I thought it was hard for me to get a new idea this year. But, now that I am thinking about it, I have a few.
1) work on my attitude about possibilities and be more open to student suggestions. After listening to youth at Outdoor Nation and others, this message of letting their voice through is really starting to sink in to me.
2) Paperless Fridays Challenge next year. I think having a challenge to all teachers at YHS to go paperless on one Friday per month would be an amazing experience. We can easily track participation over the course of the year. This would be a great project for our student senate to take on.
3) Pacha Kecha. This is a Japanese form of presentation that limits each slide to 20 seconds and has a series of presentations that are limited to 8 slides each. So in 6 minutes, 12 students could present. I think this might be useful in Biology for a survey of the animal kingdoms.
4) Google Site for Honors Challenge Reflections. I like the idea of having this be a paperless process where students can reflect on their honors challenge work in an easy way. I did a Google Docs spreadsheet this time. Maybe it would be useful for these to be more public?
I still don't have one that I'm pysched about. I'll work on it.
In my classroom, I intend to continue to work on shifting the focus from teacher centered lessons to student centered lessons. I learned a good lesson from my recent attempts at social collaboration online about content with the Infectious Support Ning (http://infectioussupport.ning.com/). I learned that students went deeper into the content because of that structure than they did in the past with individual research papers. I was so excited to see many students found, read and understood rigorous resources. As was mentioned in the plagiarism article, many times students settle for the first link and the first answer, but in the way we set up the Ning project, students had to go deeper. I was amazed. In this project, the next step for me is how to support those students that can work on the first level. We tried to differentiate by ability, but in addition the differentiation, I think we also need to provide support for those students in a more significant way.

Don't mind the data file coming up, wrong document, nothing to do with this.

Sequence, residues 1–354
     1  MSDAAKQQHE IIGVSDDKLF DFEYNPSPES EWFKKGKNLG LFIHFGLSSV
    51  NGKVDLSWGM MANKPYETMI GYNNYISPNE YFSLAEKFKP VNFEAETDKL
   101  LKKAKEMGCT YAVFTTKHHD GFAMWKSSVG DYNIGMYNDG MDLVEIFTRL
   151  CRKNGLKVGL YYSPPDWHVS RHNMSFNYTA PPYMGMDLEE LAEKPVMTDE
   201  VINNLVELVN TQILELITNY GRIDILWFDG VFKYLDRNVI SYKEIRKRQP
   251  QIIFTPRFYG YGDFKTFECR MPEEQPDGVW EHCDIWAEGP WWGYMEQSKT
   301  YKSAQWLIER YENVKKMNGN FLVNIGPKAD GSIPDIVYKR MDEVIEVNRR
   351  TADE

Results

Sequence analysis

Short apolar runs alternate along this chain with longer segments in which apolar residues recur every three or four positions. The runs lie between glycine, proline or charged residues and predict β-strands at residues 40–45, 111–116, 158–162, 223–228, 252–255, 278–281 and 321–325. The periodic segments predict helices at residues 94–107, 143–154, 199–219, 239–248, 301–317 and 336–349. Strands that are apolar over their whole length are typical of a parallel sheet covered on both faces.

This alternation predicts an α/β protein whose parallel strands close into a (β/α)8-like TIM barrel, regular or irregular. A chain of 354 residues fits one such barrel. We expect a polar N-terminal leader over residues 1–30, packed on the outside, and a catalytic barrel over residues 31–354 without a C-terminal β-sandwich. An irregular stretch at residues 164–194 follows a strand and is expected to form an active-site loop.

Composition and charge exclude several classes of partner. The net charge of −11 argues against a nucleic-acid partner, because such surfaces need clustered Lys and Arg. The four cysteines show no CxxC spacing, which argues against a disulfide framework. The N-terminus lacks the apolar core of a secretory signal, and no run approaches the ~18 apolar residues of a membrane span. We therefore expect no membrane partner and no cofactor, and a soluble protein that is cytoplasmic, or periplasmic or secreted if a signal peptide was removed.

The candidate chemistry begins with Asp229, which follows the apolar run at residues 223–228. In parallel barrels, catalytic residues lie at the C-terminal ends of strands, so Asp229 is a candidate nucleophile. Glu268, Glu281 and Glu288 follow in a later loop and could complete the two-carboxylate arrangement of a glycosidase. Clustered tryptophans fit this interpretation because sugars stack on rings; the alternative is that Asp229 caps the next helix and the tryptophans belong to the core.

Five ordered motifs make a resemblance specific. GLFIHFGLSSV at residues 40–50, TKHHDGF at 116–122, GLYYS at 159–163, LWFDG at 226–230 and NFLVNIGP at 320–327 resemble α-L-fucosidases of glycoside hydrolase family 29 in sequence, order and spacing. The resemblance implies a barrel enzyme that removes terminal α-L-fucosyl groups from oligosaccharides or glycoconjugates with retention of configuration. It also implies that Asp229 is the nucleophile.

Robinson says, "At the heart of our challenge is to reconstitute our sense of ability and of intelligence."
If we are to change from "fast food" education to a system that is not about conformity, what does that look like on the ground? Robinson is not the first to call for the revolution in education. We know there is a need to get kids outside, to have kids participate in their education. I feel like we are all searching for that major shift that will lead to a better end, but we struggle with the ground-level steps that lead there. If we are to revolutionize education, do we buck the system entirely? We have millions of kids to educate in this country. How do we ensure equity in a system that isn't standardized? It's not that I disagree with his assertion that the system does not allow for people (I love how he called a three-year old a "person") to find their talents, it's just that I have a hard time conceptualizing what it would look like.
I struggle with the idea that "kids know best" sometimes. At a recent Youth Summit called Outdoor Nation in Central Park in New York City, I listened as youth made suggestions for shifting our culture to one that embraces the outdoors, activity, service and environmental consciousness. They made a lot of great broad statements, but struggled when asked what steps would look like in practice in their communities. I thought to myself, "that wouldn't work because..." several times. But, I didn't say that to them. Here's why, it was their summit, not mine. Maybe they will find that creativity to solve the problems and create that cultural shift that is necessary.
Perhaps, it is me that needs to change the most! What do I need to do to avoid thinking, "that wouldn't work" and change to "what can I do to make that happen."
After all those ramblings, maybe my biggest change needs to be my attitude.
1-3 of 3